Mr. Duncan added that the $3 billion state teacher-quality grant program authorized under Title II of the NCLB law should be tweaked to leverage greater improvements in student achievement. That funding stream currently subsidizes professional development and smaller class sizes, but it isn’t clear how effective the spending has been. ("Grants in NCLB to Aid Teaching Under Scrutiny," Dec. 3, 2008.)
On the subject of charter schools, Mr. Duncan said that while he often extols the benefits of those independent public schools in his speeches, he doesn’t see them as a silver bullet for turning around schools that are struggling academically.
“We’ve never said charter schools are the magic answer,” Mr. Duncan said. “I went to the charter school community and said third-rate charter schools are part of the problem. But successful charter schools are part of the answer.”
The Education Department recently softened its stance on the role charters should play in school improvement when it released the final regulations for the Race to the Top program. ("Stimulus Rules on 'Turnarounds' Shift," Dec. 2, 2009.)
High Competitive Bar
Mr. Duncan said the department will have high expectations for states seeking some of the Race to the Top Fund, which will reward them for embracing certain education redesign principles. He warned that some states will lose out.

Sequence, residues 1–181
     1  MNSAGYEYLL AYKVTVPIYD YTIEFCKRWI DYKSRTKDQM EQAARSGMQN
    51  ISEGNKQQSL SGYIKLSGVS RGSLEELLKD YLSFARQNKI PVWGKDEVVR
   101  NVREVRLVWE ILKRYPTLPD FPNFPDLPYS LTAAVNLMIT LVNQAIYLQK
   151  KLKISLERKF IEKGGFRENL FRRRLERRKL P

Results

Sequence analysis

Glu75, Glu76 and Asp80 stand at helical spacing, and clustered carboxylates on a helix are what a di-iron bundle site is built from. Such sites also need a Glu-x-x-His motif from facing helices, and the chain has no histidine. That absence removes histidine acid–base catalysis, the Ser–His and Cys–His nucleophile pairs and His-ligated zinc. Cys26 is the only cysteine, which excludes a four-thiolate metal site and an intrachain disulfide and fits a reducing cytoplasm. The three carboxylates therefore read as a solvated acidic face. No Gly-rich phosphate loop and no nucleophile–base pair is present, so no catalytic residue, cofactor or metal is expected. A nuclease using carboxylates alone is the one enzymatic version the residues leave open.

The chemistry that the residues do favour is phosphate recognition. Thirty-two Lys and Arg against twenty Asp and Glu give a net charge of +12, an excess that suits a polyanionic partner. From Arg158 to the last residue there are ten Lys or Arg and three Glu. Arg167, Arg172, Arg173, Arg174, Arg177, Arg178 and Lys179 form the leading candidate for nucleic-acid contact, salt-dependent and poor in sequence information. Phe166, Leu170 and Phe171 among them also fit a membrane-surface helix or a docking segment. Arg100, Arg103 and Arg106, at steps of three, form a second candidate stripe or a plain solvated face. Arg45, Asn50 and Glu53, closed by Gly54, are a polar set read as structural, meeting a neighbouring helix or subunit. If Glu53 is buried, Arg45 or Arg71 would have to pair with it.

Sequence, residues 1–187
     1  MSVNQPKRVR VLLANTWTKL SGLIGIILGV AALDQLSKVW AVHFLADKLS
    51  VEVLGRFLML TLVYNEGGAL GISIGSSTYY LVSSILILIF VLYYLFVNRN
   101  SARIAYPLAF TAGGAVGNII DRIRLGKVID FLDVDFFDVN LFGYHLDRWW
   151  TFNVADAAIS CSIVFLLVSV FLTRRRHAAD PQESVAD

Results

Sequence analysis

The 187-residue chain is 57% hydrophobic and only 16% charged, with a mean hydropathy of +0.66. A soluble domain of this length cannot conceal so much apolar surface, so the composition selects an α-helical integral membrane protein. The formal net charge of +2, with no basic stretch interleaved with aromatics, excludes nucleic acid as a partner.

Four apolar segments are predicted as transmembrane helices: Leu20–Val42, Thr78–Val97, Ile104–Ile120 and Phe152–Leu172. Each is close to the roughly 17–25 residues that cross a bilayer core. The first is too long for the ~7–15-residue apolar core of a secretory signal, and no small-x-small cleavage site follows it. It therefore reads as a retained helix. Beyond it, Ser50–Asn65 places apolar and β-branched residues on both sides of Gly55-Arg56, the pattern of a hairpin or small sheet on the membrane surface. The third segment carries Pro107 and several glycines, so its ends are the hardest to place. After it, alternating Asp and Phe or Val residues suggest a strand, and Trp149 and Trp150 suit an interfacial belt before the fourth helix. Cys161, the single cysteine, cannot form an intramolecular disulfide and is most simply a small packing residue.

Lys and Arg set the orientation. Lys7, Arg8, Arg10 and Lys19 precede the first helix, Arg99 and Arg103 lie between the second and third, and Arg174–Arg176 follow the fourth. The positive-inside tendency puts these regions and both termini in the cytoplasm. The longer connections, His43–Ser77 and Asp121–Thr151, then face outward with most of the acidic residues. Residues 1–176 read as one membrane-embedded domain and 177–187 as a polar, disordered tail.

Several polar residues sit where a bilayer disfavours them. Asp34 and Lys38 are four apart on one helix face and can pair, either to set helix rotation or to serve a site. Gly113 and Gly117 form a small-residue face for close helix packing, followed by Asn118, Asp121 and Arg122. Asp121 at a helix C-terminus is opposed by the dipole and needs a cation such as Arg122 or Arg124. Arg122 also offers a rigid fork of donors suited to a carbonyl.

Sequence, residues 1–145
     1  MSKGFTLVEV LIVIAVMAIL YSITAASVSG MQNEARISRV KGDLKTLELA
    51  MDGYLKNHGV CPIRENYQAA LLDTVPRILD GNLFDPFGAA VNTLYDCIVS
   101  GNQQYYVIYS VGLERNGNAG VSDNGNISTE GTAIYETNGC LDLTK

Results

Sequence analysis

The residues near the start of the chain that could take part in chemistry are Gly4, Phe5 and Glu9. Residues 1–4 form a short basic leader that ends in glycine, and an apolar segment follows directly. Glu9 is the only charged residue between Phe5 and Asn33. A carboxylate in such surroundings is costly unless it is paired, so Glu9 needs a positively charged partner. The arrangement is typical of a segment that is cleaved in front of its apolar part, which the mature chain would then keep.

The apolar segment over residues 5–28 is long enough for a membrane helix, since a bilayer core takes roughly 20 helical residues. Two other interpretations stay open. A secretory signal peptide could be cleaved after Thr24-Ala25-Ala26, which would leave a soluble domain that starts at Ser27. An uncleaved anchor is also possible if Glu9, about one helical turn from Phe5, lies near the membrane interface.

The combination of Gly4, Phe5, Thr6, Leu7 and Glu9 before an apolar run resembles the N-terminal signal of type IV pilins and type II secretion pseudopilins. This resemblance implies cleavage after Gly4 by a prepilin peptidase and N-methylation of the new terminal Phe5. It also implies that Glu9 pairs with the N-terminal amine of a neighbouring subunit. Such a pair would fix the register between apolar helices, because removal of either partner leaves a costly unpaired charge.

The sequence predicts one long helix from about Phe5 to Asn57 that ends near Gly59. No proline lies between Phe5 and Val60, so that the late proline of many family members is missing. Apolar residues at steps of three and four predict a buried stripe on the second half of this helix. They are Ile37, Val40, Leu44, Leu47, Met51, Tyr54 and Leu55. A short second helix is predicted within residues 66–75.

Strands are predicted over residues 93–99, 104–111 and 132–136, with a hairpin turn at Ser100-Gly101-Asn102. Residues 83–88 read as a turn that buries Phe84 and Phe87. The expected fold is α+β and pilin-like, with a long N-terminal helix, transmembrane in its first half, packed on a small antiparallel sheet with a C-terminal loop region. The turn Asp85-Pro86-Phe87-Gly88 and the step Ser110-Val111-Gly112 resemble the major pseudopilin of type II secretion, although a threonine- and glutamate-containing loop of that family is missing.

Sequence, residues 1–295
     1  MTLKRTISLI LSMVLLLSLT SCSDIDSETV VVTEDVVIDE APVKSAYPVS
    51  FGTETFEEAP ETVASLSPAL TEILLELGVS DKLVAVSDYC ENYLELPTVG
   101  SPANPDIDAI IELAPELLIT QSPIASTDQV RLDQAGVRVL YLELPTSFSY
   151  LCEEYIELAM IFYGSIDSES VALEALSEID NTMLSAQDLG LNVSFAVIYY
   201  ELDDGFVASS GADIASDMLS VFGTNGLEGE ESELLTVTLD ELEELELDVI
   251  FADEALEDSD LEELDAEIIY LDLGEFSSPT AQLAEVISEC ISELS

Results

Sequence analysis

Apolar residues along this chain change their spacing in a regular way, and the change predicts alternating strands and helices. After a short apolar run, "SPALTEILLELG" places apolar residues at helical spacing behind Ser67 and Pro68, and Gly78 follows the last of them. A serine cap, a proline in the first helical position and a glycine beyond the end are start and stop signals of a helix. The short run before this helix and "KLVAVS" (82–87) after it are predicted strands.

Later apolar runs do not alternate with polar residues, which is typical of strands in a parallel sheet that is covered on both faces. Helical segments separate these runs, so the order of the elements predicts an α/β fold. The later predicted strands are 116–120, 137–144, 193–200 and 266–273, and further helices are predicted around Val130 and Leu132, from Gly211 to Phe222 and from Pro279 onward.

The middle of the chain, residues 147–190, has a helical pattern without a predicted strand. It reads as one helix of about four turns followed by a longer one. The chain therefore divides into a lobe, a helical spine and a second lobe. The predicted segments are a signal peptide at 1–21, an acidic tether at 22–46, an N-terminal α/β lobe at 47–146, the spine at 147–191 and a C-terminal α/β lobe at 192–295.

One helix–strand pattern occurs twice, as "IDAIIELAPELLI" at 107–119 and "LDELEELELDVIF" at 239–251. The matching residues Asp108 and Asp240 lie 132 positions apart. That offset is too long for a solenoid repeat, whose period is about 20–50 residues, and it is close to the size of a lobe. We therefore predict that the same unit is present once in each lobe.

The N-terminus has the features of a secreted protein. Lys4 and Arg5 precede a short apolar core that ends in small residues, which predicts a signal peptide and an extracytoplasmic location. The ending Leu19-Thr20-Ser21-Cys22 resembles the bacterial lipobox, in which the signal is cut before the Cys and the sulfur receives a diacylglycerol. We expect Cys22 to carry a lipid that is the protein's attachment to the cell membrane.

“There’s going to be a very, very high bar,” he said. “People won’t believe it until we do it.” He said states that miss the mark on the first round of funding, to be distributed next spring, could retool their applications to have a shot at aid under phase two, to be given out sometime later next year.
Asked whether he would urge President Barack Obama to seek a second round of federal recovery aid for education beyond the current stimulus law, Mr. Duncan did not answer directly. But he cautioned that states and districts—many of which are still in dire financial straits, despite the infusion of federal cash—should not bank on getting a second helping.
“This is a really tough time around the country. It’s tough for states, it’s tough for districts, it’s tough for families,” Mr. Duncan said. “And so, can I sit here today and say we’re going to have a second round of this? No, I can’t. I can’t begin to say that. … [There’s] no guarantee whatsoever.”
At the same time, the secretary suggested that the economic crisis has created some opportunities.
“What I’ve also said is when times are tough ... painful as it is, you often have the kind of fundamental breakthroughs that you need, and they’re sometimes easier to get than when times are easier,” he said.
Vol. 29, Issue 14, Pages 1,13